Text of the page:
Flows Plant Plantion Tips Brown Tips for Prevent Spider Plant

Brown Tips for Prevent Spider Plant

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If you are a gardener, you have probably experienced this grief with indoor plants…

You collect your new spider plant, put it in a pot, then the ends of the leaves turn brown or black. I also went through it with my spider plant.

The leaves usually turn brownish, which is due to various careless mistakes on our part – Humidity, Stress and overexposure to the sun are the most common factors.

So, let’s discuss what you can do to prevent brown tips or your spider plant from turning brown!

6 Most common reasons for brown tips on Spider leaves

Chlorophytum comosum are popular indoor plants for their ability to thrive in suboptimal growing conditions such as indirect light. They will even produce spinning and flowers without much effort. However, it is quite common for the leaves to appear dead, black, crispy or brown.

Here are some reasons why your leaves are turning brown and how you can prevent this from happening.

Follow these simple steps every day/week to remove the tips of the brown leaves from your spider plant:

  • Uniform watering – water only when the soil is almost dry
  • Bright indirect sunlight When grown indoors; partial to shaded light when grown outdoors
  • Feed with a weakly water-soluble fertilizer – in matter of salt accumulation, rinse the soil thoroughly with water
  • Pour it with fluoride-free water
  • Monitor humidity

Stress due to excessive or insufficient watering

Water stress is a common cause of brown leaf tips in spider plants and can be due to excessive and insufficient watering of your plant.

When overwatered, excess water causes the roots to rot, which stops the flow of water and nutrients to the rest of the plant, resulting in brown tips of the leaves. Without solving the problem, brown spikes are caused on the spider plant and end up finishing your precious houseplant.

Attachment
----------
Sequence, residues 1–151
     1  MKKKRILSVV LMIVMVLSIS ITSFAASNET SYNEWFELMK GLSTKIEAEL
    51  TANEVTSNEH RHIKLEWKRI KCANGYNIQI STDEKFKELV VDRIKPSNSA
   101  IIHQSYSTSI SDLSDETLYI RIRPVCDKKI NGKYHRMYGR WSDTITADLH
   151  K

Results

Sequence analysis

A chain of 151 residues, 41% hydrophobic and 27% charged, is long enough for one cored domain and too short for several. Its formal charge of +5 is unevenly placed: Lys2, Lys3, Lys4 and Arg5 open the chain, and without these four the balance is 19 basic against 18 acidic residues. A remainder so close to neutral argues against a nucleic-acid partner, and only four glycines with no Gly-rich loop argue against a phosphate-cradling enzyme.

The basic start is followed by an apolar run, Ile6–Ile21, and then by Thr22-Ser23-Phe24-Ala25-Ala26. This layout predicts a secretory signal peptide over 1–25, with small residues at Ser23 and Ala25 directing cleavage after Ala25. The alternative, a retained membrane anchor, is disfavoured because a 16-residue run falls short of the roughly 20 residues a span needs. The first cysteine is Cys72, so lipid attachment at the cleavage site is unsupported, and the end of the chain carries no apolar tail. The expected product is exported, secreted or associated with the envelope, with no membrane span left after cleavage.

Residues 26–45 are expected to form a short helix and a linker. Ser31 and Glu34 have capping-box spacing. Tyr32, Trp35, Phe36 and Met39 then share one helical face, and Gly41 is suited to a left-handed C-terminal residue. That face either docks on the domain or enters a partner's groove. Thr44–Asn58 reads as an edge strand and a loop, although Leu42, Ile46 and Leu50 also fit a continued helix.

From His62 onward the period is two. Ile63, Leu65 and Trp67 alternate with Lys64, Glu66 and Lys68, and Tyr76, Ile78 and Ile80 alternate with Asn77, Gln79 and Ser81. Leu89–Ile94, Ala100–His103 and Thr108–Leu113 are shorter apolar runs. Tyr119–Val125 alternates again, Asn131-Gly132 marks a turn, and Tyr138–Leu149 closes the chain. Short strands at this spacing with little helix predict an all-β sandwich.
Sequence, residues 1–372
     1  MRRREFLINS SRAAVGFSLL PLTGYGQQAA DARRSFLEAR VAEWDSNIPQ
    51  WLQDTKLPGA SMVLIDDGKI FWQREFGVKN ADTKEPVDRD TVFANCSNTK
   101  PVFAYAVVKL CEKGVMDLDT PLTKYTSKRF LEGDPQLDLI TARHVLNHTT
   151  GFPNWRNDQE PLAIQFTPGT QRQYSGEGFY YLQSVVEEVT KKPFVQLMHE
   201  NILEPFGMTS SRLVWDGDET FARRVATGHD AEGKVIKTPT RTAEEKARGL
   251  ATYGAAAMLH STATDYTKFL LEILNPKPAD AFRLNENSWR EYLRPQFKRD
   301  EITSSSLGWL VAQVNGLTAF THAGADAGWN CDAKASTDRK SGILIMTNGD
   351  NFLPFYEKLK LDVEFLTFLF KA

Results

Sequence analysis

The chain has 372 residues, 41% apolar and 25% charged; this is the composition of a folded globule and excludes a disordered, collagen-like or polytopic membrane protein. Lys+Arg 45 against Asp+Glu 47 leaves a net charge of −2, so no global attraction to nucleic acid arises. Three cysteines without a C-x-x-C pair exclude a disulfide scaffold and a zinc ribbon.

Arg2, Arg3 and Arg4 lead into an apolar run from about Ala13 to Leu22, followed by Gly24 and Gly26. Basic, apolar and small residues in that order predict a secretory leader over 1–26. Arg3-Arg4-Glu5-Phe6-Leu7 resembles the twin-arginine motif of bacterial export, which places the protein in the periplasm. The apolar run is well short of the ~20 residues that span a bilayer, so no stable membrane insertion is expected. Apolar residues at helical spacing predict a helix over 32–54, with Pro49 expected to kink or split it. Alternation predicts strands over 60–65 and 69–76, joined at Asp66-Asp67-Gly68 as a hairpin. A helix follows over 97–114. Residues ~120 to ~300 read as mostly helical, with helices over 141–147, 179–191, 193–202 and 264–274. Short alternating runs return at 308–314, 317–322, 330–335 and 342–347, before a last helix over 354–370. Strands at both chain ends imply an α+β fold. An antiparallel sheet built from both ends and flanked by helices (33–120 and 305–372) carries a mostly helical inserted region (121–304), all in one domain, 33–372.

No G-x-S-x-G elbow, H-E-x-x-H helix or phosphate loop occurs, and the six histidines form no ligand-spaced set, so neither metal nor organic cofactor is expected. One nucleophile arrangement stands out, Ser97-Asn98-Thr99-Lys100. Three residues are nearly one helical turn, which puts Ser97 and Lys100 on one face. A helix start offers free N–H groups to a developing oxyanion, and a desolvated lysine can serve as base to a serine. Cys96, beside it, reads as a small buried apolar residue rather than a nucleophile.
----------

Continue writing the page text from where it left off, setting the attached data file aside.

In matter of underwatering, the leaves dry slowly. Chlorophytum comosum loves the soil, which dries out mainly between waterings, but does not dry out completely. The lack of moisture will make the leaves of your plants brown.

For an underwatered plant, just evaluate the potted mixture you are using and the humidity level in your container, then make sure to water it frequently.

With a plant that has been watered too much, if the root rot is too much, you will have to remove these areas of the plant to allow your plant to survive.

Now, if your next question is how often you should water a spider plant to make sure it never suffers from water stress, simply insert your index finger into the soil of your plant. When the first two centimeters are dry, your plant needs to be watered!

Also make sure to repot your overwatered plant in fresh potting soil or some kind of fresh soil. Use a well-drained soil and a pot with a good drainage system to avoid overwatering. Remember to always empty the saucer some time after watering your plant – this will ensure that the soil of your spider plant does not absorb unnecessary moisture.

Fluoride content in water

Over time, fluoride can be toxic to your plants! Spider plants often suffer from browning peaks when you expose them to fluoride-laden tap water. Tap water is often fluoridated to prevent cavities.